About News

I’m Failing to Get Outraged About the Death of The Birmingham News

The Birmingham News printed its last paper edition Sunday.

Gonna make this short because, as grateful as I am for every wonderful person who has ever read an Arenblog post, I write primarily for my students, and I can assure you they don’t give a sheet* about the end of newspapers in three of Alabama’s largest cities.

Today marked the end of The Huntsville Times, The Mobile Press-Register and The Birmingham News, for which I busted my tail for 30 years and in which I took enormous pride (on its good days, anyway).

Certainly, I am saddened. It’s not merely the end of a print version of The Birmingham News. It’s the end of The Birmingham News. There isn’t a Birmingham News website. It’s al.com with the option of a Birmingham-focused homepage. The Alabama Media Group’s daily paid digital product is called The Lede. It still says it’s “From The Birmingham News” but that’s not really so anymore. The bylines don’t say “Birmingham News.”

It’s possible to be sad and accepting at the same time, of course. Eventual death, I think, is the fate that awaits all daily newspapers, though no one can predict when. Certainly, many other newspaper companies continue to make money (albeit less and less) from their print editions. AMG’s parent Advance Local still has newspapers in other states. But AMG had an uncommon situation because its state and local print stories in Birmingham, Huntsville and Mobile had already appeared on its free and heavily trafficked website.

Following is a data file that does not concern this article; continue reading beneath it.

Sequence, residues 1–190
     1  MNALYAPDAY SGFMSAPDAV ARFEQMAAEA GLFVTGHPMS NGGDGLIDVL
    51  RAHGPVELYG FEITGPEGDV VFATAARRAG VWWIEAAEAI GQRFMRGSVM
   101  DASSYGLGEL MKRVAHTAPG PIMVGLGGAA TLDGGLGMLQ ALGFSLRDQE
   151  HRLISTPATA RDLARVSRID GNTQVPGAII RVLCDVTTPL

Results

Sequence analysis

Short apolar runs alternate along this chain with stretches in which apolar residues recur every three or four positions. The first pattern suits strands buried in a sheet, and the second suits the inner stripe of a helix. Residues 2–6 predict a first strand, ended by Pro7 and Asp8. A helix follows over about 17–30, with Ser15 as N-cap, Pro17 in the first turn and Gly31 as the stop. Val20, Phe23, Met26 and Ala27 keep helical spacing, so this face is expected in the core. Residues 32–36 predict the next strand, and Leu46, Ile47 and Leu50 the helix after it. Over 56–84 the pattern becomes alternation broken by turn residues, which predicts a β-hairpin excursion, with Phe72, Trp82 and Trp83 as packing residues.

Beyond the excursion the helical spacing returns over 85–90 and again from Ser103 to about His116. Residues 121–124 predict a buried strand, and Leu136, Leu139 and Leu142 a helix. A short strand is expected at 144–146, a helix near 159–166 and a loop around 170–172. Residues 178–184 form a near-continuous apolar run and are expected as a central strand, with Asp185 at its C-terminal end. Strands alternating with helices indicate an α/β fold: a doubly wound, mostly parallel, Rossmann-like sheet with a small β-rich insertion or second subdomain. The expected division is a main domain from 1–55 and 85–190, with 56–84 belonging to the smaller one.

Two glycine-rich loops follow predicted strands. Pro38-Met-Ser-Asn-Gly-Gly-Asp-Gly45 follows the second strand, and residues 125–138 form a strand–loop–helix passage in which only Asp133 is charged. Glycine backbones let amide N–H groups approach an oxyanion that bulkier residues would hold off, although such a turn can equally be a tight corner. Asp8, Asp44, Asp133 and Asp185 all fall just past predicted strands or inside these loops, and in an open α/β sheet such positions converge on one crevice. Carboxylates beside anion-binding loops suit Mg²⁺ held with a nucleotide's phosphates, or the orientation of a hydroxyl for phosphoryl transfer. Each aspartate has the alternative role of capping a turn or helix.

Throughout journalism history, methods of delivering news have come and gone. For instance: flyers, Pony Express and telegraph. Digital platforms ripped apart the traditional business model of print (though print readership began to decline before the internet became widespread). Print was nice because it delivered a common set of facts as the starting point for community debate and action. But digital platforms, for all their bazillion faults, are so much better: More immediacy, more options, more effective ways to present journalism.

Tom Arenberg is an instructor of news media at the University of Alabama.

What matters for news in Alabama going forward is its quality, and that has little to do with how it’s delivered.

* “Sheet” is a printing press term.

Tom Arenberg is an instructor of news media at the University of Alabama. He worked for The Birmingham News and the Alabama Media Group for 30 years. He published this commentary originally as a post on his blog, The Arenblog.

About News is a BirminghamWatch feature that publishes commentary by those who teach the craft and think about the values and performance of today’s journalism, a civic flashpoint. BirminghamWatch is a member of the Institute for Nonprofit News whose members generally rely on individual gifts, foundation grants and sponsorships to support their work. It also publishes About News articles on Facebook and Twitter and invites readers to join the conversation about their news in those forums.